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Saturday, October 4, 2014

Chicago 1933 - 34

Continuing with the theme set by last week's blog entry....

As part of its program of experimentation with steam locomotive design in the 1930s, the Delaware & Hudson Railroad equipped two P-1 Pacific type engines, including No. 653 seen on the post card below, with the Caprotti poppet valve gear. As built in 1929 by the railroad's Colonie Shops, these 4-6-2s exerted 41,027 pounds of tractive effort, having 73-inch drivers, a boiler pressure of 260 p.s.i., and 22x28-inch cylinders. They weighed 300,000 pounds, and their wide firebox — designed to burn anthracite coal — had a grate area of 87 square feet. As rebuilt, No. 653 boasted a very high 325-pound boiler pressure, 3200 square feet of evaporative heating surface and 1500 square feet of super-heater surface.
The locomotive was displayed at the Century of Progress Exposition in Chicago in 1934, as shown on this post card. She displays the clean lines and uncluttered appearance favored by Delaware & Hudson president Leonor F. Loree, who admired the British "look" in steam engines.

There is no mention of the printer or the publisher as such on the back of the post card, although I would assume that the A Century of Progress International Exposition is the publisher. One could probably purchase these post cards at the Exposition in Chicago.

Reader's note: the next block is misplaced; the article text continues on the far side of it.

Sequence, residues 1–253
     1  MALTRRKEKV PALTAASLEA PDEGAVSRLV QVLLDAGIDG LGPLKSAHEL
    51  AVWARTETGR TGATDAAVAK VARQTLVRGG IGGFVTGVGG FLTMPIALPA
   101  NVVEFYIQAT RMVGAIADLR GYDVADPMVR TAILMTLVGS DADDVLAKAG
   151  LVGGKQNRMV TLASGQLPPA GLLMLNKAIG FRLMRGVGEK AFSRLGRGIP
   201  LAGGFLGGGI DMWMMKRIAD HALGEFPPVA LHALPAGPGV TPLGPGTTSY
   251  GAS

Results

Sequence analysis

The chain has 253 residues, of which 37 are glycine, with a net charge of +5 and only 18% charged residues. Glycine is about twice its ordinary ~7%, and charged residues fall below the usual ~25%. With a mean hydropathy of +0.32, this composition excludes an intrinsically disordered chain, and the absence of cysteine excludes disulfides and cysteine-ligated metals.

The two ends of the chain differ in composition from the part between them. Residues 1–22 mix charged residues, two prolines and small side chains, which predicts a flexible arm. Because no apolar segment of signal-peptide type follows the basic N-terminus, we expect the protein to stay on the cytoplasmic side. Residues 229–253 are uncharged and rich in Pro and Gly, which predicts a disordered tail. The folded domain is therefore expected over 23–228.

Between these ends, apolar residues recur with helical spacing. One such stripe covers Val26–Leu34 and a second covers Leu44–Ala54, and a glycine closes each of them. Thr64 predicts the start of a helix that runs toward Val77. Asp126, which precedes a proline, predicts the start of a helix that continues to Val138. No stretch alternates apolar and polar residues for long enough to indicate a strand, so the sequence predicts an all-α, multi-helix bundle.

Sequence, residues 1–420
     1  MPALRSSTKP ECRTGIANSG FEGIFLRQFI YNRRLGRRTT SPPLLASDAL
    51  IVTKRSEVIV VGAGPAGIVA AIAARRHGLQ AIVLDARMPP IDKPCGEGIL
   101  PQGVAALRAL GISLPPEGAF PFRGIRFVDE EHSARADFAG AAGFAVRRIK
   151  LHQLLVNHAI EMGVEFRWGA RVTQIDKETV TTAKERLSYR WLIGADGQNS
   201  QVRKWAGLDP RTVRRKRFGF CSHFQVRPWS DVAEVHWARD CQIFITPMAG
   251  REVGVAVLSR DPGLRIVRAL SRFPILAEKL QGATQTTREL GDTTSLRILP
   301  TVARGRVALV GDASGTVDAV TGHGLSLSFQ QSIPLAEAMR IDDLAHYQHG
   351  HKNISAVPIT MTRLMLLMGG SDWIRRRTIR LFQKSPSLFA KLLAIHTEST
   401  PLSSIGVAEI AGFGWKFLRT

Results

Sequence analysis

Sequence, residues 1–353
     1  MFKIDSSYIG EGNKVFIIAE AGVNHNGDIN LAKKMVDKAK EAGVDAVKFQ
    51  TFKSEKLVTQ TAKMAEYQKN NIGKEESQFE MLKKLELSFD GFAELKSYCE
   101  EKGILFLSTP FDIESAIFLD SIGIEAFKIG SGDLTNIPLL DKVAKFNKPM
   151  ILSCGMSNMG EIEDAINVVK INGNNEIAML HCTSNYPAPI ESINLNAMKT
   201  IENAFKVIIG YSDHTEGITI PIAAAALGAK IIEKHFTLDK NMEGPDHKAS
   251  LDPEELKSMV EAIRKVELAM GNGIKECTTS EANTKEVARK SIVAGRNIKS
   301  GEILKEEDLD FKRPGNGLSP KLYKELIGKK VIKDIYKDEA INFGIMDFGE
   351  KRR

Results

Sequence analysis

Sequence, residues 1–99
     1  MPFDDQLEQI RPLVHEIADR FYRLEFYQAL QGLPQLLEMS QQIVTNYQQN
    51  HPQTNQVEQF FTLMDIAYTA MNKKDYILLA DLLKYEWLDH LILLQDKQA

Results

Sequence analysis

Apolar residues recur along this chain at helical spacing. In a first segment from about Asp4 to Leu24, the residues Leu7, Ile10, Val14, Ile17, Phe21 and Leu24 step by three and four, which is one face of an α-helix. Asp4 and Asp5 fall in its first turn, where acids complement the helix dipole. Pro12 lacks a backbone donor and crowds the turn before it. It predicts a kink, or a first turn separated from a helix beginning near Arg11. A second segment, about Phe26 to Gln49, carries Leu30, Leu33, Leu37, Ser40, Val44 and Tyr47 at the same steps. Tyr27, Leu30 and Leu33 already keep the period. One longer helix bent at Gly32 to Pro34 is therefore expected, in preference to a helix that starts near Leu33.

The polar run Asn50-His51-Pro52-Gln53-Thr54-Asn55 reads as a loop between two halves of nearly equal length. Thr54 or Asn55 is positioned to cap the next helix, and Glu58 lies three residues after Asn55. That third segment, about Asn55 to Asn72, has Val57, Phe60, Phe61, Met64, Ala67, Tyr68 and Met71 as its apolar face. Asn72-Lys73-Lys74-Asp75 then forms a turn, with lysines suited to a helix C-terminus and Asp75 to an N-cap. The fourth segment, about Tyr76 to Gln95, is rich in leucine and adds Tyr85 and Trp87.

A Century of Progress International Exposition was held to commemorate the 100th anniversary of the incorporation of the City of Chicago. Its theme, as given in A Century of Progress Chicago International Exposition of 1933 Statement of its Plan and Purposes and of the Relation of States and Foreign Governments to Them (Chicago, 1933) was to "attempt to demonstrate to an international audience the nature and significance of scientific discoveries, the methods of achieving them, and the changes which their application has wrought in industry and in living conditions." This was done through exhibits that appealed to the public in general, often with miniaturized or replicated processes.

The fair was held on 427 acres (much of it landfill) on Lake Michigan, immediately south of Chicago's downtown area, from 12th Street to 39th Street (now Pershing Road). Today, Meigs Field and McCormick Place occupy this site. A Century of Progress officially opened on May 27, 1933 and closed on November 12 of that year. Although originally planned for the 1933, season only, it was extended for another year, reopening on May 26, 1934, and closing on October 31, 1934.

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